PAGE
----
We develop systems with built-in capacity to protect from illegitimate use and help companies defend against targeted bot attacks that slip through third-party AI security tools.
The difference between having own protection and using a third-party solution is that the latter identifies the attacker by common patterns of bot behavior from an accumulated knowledge base. While it does to a certain extent protect against nonspecific attacks, it cannot identify an attack that is tailored to a specific system.
If the ill-wisher hires a group of developers, they can create a well-masked bot that simulates the behavior of a real user by exploiting unique characteristics of your system.
To protect the system from a targeted attack you need to build on its inherent properties, analyze the patterns of behavior of real users and attacking bots, and develop countermeasures that can render the attack being economically impractical.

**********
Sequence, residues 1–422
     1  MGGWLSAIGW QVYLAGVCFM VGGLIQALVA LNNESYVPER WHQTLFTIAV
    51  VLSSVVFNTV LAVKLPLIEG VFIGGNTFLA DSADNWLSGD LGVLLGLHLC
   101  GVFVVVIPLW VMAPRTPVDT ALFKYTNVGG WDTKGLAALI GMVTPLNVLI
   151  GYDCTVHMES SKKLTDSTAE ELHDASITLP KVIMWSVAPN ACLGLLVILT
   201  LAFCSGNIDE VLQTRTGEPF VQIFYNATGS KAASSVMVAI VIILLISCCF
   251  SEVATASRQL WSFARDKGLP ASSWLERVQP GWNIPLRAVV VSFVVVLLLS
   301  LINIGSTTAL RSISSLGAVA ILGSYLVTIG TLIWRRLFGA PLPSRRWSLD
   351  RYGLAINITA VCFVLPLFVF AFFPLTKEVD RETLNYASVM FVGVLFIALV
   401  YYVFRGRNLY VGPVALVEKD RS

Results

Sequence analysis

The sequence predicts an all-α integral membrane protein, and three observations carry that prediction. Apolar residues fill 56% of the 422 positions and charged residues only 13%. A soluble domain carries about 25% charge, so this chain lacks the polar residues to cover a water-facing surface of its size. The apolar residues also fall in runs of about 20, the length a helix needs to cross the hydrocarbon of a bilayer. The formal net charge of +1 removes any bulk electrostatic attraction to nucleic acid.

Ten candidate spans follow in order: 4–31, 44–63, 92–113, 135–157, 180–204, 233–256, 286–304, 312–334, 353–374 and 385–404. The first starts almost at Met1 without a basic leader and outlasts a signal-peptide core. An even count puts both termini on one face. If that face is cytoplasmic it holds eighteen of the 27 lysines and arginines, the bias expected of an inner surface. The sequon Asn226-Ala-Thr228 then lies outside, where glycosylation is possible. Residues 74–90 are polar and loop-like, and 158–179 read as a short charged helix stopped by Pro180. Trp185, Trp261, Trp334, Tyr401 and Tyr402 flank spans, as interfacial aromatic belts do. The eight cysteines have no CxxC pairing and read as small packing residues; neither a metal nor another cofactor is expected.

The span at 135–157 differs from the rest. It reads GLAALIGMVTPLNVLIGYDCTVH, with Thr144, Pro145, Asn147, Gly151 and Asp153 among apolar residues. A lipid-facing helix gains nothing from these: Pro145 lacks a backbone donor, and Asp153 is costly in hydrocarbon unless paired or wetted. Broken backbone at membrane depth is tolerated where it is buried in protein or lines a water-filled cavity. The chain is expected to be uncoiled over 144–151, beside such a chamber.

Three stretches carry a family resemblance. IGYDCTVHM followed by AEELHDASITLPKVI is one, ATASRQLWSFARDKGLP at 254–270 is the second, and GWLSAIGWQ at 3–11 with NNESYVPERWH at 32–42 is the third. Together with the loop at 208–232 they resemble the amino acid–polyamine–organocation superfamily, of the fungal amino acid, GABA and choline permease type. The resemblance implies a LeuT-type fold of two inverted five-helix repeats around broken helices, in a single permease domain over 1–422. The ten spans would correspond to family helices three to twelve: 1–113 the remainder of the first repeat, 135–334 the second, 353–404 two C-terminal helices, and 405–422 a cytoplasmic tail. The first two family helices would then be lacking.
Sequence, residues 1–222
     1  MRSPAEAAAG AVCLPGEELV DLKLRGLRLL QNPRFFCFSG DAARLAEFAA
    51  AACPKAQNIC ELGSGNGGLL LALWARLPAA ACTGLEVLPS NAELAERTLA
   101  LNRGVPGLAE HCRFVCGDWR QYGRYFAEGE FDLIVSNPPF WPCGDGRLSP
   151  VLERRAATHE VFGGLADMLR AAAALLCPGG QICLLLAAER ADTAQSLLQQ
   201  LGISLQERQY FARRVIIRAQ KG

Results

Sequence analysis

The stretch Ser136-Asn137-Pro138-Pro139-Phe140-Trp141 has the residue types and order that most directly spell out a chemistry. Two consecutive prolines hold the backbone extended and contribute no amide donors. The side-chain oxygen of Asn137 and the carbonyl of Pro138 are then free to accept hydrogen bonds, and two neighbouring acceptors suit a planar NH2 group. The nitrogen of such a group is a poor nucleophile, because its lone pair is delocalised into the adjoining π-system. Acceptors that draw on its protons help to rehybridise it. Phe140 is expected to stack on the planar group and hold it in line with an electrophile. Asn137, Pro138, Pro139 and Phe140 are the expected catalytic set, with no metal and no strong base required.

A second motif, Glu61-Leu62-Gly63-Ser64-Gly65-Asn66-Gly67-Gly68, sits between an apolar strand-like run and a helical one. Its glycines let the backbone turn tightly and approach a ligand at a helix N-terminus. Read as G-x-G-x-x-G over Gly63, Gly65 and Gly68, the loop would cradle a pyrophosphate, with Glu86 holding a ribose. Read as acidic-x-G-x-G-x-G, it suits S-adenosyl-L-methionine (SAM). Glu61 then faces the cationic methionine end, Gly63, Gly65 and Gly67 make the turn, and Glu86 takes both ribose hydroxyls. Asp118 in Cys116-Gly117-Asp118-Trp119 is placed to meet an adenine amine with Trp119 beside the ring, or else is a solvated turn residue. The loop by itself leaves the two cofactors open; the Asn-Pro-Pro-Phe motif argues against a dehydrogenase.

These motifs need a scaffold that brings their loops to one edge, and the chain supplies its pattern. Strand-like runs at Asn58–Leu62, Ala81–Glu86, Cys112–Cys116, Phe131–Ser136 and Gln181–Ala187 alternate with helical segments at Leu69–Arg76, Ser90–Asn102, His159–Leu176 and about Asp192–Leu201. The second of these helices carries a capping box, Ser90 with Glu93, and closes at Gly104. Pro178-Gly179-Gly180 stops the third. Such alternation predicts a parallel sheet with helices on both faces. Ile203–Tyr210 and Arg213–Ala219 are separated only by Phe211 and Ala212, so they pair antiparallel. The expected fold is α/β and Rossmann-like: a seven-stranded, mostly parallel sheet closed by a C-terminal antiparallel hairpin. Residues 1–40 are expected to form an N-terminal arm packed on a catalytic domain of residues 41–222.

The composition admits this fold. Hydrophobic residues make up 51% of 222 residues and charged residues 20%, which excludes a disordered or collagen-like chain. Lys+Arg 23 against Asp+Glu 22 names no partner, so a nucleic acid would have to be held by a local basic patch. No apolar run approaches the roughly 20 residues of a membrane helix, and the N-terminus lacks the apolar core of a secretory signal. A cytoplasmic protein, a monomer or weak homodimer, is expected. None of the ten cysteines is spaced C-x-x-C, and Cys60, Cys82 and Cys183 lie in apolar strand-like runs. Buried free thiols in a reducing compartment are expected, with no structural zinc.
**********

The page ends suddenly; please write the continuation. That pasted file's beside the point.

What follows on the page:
The systems developed by Axmor have been successfully tested for compliance with the US healthcare system standards (HIPAA), PCI DSS 2.0 Level 1 certification of payment gateways.
Limiting the number of requests from a single IP address does not work if the attacker uses a distributed attack (DDoS) that is carried out simultaneously from a large number of IP addresses.
Indeed, most of the cheap and widespread bots are quite primitive and easy to detect. The situation changes when someone is motivated to write a well-thought-out bot that can mimic a real user. Dealing with this type of attack is a competition not unlike a chess game between highly professional programmers both on the side of the attacker and the defender, where each tries to outsmart the other in the short and the long game alike.
Services that use machine learning rely on the accumulated knowledge base of the behavior patterns of attackers on a wide variety of different systems. The problem is that each system has unique user scenarios that the bot can adapt to in order to bypass such protection. While these services do detect attacks, their competencies are inherently limited by the uniqueness of the systems and the attackers.